By Gordon Chu | Tuesday, July 28, 2009
I was raised on what some people may say as “sub par” coffee. Folgers. Tasters’ Choice. Instant coffee was pretty much what my parents ingested on a daily basis. Throw in a splash of 2% lowfat milk (no sugar) and you have yourself one cup of hot java mess.
In college, I fought and battled hard against drinking coffee for the first two years – but after several all-nighters, I collapsed and enjoyed my first brewed cup of “proper” coffee at Starbucks. From then on… I was hooked. The aroma. The hissing sound of boiling hot espresso. Shouts of random names, coffee drinks, special orders (“No Foam!”, “Non-fat!”, “Extra hot!”). Yes – it’s like music to my ears.
Today, I drink coffee like it’s been a part of me all my life. Taking a shower, checking email, Starbucks coffee – yes, all of that is up there on my daily things to do. Granted, the excitement of going to Starbucks is not all there like it was at the beginning, in fact, of all the different choices you have to choose from, I still prefer my good ol’ cup of cup of regular coffee. Sumatra. Black.
You can imagine my relief and my safe haven going to China and seeing my beloved green logo (albeit in Chinese). It was like going home. Starbucks in China is not a novel idea. They’ve been around since 1999 (mainland China) and succeeding quite well going into their 10th anniversary there. Here is a timeline of notable Starbucks moment in China:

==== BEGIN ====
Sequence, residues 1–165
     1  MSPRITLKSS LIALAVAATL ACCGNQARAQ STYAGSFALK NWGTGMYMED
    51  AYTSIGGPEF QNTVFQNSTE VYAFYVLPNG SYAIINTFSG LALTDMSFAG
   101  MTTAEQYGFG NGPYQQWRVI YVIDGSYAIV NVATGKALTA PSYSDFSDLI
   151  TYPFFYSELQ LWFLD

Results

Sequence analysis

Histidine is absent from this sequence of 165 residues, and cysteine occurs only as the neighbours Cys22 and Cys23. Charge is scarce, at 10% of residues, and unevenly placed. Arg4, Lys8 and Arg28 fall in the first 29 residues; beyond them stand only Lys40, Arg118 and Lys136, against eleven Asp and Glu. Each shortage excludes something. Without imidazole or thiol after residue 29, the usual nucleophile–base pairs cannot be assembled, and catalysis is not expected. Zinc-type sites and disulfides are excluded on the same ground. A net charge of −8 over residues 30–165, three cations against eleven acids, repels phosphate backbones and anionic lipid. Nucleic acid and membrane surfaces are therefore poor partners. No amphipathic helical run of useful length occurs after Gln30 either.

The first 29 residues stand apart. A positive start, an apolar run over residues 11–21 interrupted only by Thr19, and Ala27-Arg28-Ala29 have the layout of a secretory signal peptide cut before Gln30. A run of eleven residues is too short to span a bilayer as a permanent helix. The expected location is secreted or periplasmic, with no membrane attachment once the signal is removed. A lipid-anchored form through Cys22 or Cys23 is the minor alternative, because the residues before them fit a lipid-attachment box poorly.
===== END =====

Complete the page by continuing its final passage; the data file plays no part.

1998: Starbucks opens its first store in China in Taipei, Taiwan
1999: Starbucks opens its first store in mainland China in Beijing
2000: Shanghai store opens
2002: Green Tea Frappucino is announced by President of Starbucks Taiwan to the world
2005: Starbucks donates $5M and establishes Starbucks China Education Program
2006: Reach to 19 mainland cities
2008: Reach to 26 mainland cities
2009: Celebrates 10 year anniversary in China with over 350 total stores
2010: Introduction of China coffee with beans grown in China’s countryside
All in all, it’s a great case study about a company successfully entering the China market. Not bad for a brand and a product in a country where tea is the primary cultural beverage consumed and coffee is just an afterthought.